The lottery is a form of gambling in which numbers are drawn and prizes, such as money or goods, are awarded to paying participants. While financial lotteries have been criticized as an addictive form of gambling, they can also raise significant sums for good causes in the public sector. In addition, the act of choosing a number and dreaming about winning is a common pastime, and people get value out of it even when they don’t win.
Lotteries are among the earliest forms of games of chance in recorded history, and they have a long and complex history. They were popular in the Roman Empire—Nero himself was a fan—and they’re attested to in biblical texts. The drawing of lots was used for everything from deciding who should receive Jesus’s garments after his crucifixion to selecting the next king of Israel. But it wasn’t until the nineteenth century that states began to use lotteries as a way to fund state projects. Lotteries were a solution to a problem that had never been solved before: finding ways to balance state budgets without raising taxes or cutting services, which would have been unpopular with voters.
In America, Cohen argues, this initial era of state-sponsored lotteries was brought to a sudden end by corruption and mismanagement. As the scandals unfolded, advocates of legalization lost the ability to convince people that a lottery could float most of a state’s budget, and so they began to narrow their argument, claiming that it would pay for a single line item—usually education or elder care, but sometimes veterans’ benefits or public parks. This strategy made it easier for advocates to make the case that a vote for the lottery was not a vote for gambling, and that a vote against the lottery was a vote against a service that most Americans valued.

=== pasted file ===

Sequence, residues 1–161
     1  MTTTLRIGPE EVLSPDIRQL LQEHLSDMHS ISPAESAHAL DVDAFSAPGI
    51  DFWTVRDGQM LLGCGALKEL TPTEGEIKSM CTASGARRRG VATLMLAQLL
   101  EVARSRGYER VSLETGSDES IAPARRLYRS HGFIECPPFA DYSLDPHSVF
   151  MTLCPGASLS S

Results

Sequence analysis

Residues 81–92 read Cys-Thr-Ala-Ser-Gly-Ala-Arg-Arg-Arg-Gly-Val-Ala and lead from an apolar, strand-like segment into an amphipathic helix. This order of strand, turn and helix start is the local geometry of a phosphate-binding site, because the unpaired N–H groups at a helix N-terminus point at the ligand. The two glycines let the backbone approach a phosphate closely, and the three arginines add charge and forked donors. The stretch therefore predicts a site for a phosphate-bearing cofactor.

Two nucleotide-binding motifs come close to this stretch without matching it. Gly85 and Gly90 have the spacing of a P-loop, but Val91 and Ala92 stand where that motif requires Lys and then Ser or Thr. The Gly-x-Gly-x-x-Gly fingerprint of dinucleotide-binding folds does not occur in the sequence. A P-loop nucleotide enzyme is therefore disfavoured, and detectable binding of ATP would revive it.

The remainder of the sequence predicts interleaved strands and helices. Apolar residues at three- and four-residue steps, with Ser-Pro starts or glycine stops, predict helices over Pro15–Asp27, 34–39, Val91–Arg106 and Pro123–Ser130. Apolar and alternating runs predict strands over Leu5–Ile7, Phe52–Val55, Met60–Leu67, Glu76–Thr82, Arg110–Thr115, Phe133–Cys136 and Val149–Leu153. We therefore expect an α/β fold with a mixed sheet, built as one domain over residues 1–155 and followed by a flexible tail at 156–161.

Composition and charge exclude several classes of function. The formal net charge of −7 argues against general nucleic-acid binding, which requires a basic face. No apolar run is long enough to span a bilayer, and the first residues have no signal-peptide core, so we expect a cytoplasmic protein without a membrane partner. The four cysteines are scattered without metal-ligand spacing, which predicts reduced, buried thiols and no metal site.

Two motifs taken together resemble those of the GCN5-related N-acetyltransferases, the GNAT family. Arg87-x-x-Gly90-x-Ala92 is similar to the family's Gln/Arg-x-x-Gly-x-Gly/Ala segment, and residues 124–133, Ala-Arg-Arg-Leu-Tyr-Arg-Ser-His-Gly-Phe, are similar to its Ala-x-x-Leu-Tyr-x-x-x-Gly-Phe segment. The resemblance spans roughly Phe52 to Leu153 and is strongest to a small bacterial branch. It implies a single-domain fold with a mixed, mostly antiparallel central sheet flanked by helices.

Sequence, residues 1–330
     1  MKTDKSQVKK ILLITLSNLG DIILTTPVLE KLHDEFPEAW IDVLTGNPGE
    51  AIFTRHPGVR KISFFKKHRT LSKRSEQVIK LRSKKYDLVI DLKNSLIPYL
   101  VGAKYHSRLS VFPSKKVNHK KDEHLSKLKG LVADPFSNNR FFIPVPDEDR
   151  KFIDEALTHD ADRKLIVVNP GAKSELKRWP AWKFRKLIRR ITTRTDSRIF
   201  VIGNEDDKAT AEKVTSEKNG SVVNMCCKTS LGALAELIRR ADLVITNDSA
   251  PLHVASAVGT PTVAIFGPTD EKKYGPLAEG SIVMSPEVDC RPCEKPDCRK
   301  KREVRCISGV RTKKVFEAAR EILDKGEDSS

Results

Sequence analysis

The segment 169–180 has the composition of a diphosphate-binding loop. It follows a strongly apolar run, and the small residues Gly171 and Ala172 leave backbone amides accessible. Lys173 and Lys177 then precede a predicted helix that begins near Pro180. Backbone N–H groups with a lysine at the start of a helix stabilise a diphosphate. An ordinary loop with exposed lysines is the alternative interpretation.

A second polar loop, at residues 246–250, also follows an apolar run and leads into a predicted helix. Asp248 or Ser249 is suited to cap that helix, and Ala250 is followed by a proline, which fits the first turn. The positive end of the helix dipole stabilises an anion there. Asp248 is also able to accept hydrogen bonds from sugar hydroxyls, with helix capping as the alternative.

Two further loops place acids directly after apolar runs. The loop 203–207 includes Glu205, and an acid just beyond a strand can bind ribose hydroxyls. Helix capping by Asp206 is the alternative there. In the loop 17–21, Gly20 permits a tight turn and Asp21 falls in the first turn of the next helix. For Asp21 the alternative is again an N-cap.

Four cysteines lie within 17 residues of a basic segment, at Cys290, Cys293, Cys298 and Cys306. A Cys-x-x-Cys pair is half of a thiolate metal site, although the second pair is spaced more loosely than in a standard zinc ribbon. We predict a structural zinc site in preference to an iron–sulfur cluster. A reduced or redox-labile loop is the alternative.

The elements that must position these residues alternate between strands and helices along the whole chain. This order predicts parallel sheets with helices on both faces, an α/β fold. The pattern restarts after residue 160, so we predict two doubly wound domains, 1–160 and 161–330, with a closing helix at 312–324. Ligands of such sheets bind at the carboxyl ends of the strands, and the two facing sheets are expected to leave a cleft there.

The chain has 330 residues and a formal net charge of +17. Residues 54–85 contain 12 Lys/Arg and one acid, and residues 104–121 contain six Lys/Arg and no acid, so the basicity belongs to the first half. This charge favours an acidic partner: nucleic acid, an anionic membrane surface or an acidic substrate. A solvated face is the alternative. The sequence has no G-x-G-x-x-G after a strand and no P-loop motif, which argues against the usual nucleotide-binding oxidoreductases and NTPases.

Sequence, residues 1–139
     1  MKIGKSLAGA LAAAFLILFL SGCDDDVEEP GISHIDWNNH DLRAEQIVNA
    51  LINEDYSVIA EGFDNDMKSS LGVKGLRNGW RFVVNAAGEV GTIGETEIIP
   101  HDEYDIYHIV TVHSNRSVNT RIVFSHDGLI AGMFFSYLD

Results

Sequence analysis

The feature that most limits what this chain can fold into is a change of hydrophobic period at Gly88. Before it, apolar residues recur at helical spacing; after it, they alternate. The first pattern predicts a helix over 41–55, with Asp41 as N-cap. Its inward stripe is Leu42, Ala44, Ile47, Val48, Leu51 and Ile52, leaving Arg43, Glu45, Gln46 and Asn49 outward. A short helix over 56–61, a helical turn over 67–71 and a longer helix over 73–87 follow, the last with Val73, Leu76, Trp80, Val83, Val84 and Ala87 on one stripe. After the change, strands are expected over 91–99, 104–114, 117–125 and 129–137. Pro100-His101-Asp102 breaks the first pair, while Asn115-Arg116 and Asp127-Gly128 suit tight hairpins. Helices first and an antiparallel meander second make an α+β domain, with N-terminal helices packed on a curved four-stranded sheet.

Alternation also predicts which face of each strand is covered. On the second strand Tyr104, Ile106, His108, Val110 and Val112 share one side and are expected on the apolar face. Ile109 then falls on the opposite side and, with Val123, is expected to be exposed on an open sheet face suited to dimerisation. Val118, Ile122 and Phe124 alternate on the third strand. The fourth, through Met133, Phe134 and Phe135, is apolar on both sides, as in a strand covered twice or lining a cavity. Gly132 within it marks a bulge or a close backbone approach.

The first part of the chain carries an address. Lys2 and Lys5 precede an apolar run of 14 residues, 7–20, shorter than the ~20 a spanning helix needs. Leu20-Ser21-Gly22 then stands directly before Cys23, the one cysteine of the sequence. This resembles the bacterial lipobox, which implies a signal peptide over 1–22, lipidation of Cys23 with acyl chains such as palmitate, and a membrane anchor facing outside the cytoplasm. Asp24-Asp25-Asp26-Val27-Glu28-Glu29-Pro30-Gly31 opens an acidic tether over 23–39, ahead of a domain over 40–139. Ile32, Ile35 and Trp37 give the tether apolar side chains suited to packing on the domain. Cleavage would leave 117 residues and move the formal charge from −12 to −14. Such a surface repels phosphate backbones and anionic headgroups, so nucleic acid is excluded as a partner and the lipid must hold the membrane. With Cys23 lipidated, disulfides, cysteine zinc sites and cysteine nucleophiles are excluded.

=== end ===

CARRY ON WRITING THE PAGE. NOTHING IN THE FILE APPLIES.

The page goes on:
During the nineteen-sixties, as inflation and the cost of the Vietnam War accelerated, state budgets drained, and it became difficult for states to maintain their generous social safety nets without raising taxes or cutting services, which were highly unpopular with voters. The obsession with unimaginable wealth, including the dream of winning the lottery, intensified in this era, and the national promise that hard work and education would provide working families with security and prosperity faded.
In the US, people in their twenties and thirties play more often than people in other age groups—the percentage playing lotteries rises to around 70% of that group, then dips slightly to about two-thirds for people in their forties, fifties and sixties, and falls to around 45% for people over 70. And while the odds of winning are low, a big prize can still improve lives. In fact, many people find that they prefer a one-in-ten chance of winning a big prize to a five-in-ten chance of winning something smaller. And so they keep buying tickets. For most, the game is not just a form of entertainment but a way to make life better.